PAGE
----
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A new luxury (part one)
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Where does tea come from? No one knows for certain. What we do know is that it is made from Camellia sinensis, an evergreen shrub or small tree with yellow-white flowers. Experts believe that the plant first appeared in the jungles of Eastern Himalaya, an area so rich in flora that scientists now describe it as a ‘biodiversity hotspot’. Today, Camellia sinensis is cultivated in tropical or sub-tropical regions across the world, including China, India, Japan, Sri Lanka, Nepal, Kenya, Pakistan, Rwanda, Argentina and Australia. Since the early part of this century, it has also been grown in Cornwall. Blessed with a soil and microclimate similar to that of Darjeeling, Tregothnan Estate is the first commercial tea grower in the UK. Its teas are so fine that it supplies the luxury London store, Fortnum & Mason.

Perhaps because they are so obscure, the origins of tea drinking have over the centuries been explained by a variety of charming legends. One story claims that in 2 737 BC, tea leaves were accidentally blown by the wind into a herbalist’s pot of boiling water. The man, Shen Nung, who also happened to be a Chinese emperor, found the taste so attractive that he shared his discovery with his people.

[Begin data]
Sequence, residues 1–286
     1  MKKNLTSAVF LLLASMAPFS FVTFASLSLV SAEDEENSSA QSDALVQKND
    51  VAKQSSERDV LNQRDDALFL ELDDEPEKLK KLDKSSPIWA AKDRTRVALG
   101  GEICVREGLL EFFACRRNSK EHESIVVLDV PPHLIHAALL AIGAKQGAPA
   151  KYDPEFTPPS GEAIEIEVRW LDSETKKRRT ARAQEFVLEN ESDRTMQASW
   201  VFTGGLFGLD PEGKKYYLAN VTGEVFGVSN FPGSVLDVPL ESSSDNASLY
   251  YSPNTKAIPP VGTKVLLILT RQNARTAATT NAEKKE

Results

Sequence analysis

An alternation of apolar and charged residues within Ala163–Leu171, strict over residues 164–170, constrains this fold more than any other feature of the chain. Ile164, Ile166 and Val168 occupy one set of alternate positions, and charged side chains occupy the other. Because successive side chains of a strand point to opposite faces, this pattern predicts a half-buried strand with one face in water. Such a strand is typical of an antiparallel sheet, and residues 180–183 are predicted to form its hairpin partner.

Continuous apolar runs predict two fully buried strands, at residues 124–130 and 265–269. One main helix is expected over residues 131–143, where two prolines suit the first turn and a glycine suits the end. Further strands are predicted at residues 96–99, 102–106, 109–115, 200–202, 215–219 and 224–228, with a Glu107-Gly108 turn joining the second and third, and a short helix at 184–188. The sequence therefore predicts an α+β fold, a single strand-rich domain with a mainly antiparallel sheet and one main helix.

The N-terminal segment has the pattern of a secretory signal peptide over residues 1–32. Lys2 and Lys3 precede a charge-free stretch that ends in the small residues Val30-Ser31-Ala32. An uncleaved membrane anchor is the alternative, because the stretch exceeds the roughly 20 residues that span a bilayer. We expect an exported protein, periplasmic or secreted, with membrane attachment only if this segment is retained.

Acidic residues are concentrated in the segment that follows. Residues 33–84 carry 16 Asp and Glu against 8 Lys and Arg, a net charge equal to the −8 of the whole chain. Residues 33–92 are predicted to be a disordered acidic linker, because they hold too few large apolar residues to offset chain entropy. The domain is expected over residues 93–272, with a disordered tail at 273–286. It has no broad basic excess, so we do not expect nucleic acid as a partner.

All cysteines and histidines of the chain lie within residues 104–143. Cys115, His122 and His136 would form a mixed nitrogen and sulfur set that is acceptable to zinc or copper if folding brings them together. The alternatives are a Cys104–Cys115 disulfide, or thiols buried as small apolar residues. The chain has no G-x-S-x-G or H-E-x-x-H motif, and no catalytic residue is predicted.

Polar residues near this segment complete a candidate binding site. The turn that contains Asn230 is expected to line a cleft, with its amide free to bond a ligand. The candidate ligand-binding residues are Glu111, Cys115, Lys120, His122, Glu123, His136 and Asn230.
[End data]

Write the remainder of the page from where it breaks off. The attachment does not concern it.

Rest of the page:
Before ever being consumes in hot water, it is likely that tea was chewed by early tribesmen. No one knows when and where people realised that it could be drunk as an infusion, but, during the Chinese Tang Dynasty (AD 607-907), tea drinking became more and more common throughout China, thanks in part to the publication in the eighth century of the first ever book on tea, the Chajing or Classic of Tea by ‘the Sage of Tea’, Lu Yu. This complete and intricate tea guide explained the mythological origins of tea, the different stages of its production, and how best to brew it, using up to twenty-five different utensils in the process. Appropriate tea wares and tea-drinking etiquette were also described in detail.


A new luxury (part one)

This late-nineteenth-century print shows the tea plant Camellia sinensis. Its leaves and leaf buds are used in the making of tea.



Over the years, the Chinese gradually became experts at manufacturing tea bricks – densely packed blocks of compressed tea. These valuable items travelled along the Ancient Tea Route, also known as the Southern Silk Road, a network of paths linking the Yunnan Province in south-west China to central China, Tibet, Nepal, India and the Middle East. By the twelfth century, tea bricks were so ubiquitous that they were actually used as currency in many parts of central Asia – some were even scored, enabling them to be broken into smaller pieces and used as change. But it was only after 1391, when Emperor Hung-wu – founder of the great and long-lived Ming Dynasty (1368-1644) – requested the tea at his court to be in loose-leaf form, that this (now common) type of tea became more widespread.

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